Journal of Population Economics
This paper uses international commodity prices and local natural resource endowments as a source of plausibly exogenous variation in local Chilean economic conditions to study how these shocks impact fertility behavior of families in a small, emerging open economy where non-marital fertility is common but parental obligations are not well enforced. We find that these commodity shocks lead to an increase in the number of births and the birth rate. We argue that these results are consistent with most women experiencing an income effect and a limited substitution effect from commodity booms. This is confirmed by looking at groups that would have experienced a larger income than substitution effect: higher-order births, births within marital relationships, and those by mothers who do not experience an increase in their employment probability respond more strongly to these commodity booms.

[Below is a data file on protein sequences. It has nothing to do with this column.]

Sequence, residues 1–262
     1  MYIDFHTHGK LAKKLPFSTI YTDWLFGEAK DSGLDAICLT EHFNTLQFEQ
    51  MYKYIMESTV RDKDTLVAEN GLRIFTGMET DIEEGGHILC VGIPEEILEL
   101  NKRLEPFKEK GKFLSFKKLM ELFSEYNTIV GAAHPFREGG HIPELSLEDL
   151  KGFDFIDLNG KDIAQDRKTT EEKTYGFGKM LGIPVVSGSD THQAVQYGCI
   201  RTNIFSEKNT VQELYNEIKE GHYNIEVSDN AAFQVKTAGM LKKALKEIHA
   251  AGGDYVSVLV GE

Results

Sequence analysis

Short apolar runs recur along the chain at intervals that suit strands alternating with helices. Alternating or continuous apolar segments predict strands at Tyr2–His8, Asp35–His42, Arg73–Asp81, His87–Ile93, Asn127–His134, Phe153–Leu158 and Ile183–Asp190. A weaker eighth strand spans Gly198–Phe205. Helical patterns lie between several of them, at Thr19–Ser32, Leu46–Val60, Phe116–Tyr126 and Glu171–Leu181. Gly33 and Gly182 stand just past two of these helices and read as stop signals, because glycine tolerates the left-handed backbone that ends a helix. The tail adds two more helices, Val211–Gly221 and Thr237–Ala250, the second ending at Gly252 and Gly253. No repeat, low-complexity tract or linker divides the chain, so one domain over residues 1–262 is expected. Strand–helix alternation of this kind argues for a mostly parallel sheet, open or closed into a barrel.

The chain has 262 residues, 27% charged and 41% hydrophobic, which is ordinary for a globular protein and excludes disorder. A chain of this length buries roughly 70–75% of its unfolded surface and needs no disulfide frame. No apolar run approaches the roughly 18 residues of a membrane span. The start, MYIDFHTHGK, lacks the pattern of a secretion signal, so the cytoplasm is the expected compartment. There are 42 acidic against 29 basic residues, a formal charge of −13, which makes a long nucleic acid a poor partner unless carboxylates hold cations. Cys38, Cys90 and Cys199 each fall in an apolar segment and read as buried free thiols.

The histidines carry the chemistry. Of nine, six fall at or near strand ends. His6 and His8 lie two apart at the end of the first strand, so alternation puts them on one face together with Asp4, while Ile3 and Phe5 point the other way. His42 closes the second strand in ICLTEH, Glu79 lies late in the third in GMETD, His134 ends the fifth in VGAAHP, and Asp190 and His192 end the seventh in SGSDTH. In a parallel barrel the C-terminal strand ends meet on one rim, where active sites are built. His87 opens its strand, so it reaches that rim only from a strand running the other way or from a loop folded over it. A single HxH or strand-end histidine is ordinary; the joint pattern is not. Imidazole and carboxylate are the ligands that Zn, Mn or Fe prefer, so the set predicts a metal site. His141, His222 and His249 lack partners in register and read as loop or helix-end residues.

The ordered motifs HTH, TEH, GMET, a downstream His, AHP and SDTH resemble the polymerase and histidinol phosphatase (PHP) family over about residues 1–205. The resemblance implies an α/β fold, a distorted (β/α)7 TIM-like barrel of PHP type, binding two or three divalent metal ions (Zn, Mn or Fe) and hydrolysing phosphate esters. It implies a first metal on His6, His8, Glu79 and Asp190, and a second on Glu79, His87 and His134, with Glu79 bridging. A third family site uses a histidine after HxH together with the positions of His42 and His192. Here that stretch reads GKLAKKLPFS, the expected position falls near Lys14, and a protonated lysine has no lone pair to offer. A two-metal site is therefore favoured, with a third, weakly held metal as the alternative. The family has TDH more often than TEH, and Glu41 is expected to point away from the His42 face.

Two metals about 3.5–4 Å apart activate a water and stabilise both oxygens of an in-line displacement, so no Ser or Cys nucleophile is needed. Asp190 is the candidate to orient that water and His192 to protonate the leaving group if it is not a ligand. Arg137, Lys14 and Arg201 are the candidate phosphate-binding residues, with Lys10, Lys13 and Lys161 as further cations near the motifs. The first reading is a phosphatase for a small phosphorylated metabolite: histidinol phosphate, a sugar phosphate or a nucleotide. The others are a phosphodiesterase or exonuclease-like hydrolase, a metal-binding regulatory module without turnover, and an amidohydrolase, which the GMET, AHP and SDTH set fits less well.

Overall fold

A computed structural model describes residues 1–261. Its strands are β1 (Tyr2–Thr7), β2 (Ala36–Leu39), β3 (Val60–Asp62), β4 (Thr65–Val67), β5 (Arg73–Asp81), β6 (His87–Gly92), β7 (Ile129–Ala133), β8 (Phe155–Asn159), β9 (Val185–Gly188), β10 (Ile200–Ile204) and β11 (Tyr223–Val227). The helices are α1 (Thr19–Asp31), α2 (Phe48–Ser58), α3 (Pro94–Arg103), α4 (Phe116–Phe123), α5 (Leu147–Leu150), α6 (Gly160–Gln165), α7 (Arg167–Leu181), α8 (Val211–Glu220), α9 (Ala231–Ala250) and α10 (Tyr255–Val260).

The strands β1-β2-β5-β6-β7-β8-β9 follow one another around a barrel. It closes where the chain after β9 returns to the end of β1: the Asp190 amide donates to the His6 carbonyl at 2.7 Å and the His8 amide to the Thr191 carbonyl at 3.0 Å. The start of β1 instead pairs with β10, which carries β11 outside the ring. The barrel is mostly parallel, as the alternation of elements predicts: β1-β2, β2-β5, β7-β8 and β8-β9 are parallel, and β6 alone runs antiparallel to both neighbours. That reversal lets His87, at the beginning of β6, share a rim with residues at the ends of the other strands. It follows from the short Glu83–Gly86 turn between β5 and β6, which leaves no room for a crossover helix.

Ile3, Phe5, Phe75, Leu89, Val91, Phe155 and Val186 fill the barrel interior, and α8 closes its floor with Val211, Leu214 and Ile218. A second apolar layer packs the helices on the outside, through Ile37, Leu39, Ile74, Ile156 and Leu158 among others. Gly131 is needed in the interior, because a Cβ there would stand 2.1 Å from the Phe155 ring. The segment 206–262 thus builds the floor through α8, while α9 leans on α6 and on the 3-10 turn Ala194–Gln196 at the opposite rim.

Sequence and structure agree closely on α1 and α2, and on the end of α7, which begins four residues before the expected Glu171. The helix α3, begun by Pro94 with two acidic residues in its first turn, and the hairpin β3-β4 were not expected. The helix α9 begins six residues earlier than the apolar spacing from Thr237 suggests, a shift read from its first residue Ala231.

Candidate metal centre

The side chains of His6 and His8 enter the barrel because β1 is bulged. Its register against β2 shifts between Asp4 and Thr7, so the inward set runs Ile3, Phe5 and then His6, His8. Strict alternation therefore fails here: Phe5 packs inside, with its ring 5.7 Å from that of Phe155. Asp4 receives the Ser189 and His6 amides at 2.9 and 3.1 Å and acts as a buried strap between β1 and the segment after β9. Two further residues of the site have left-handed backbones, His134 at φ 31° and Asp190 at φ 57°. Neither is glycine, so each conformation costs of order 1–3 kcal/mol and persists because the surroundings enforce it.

Publicado en: Journal of Population Economics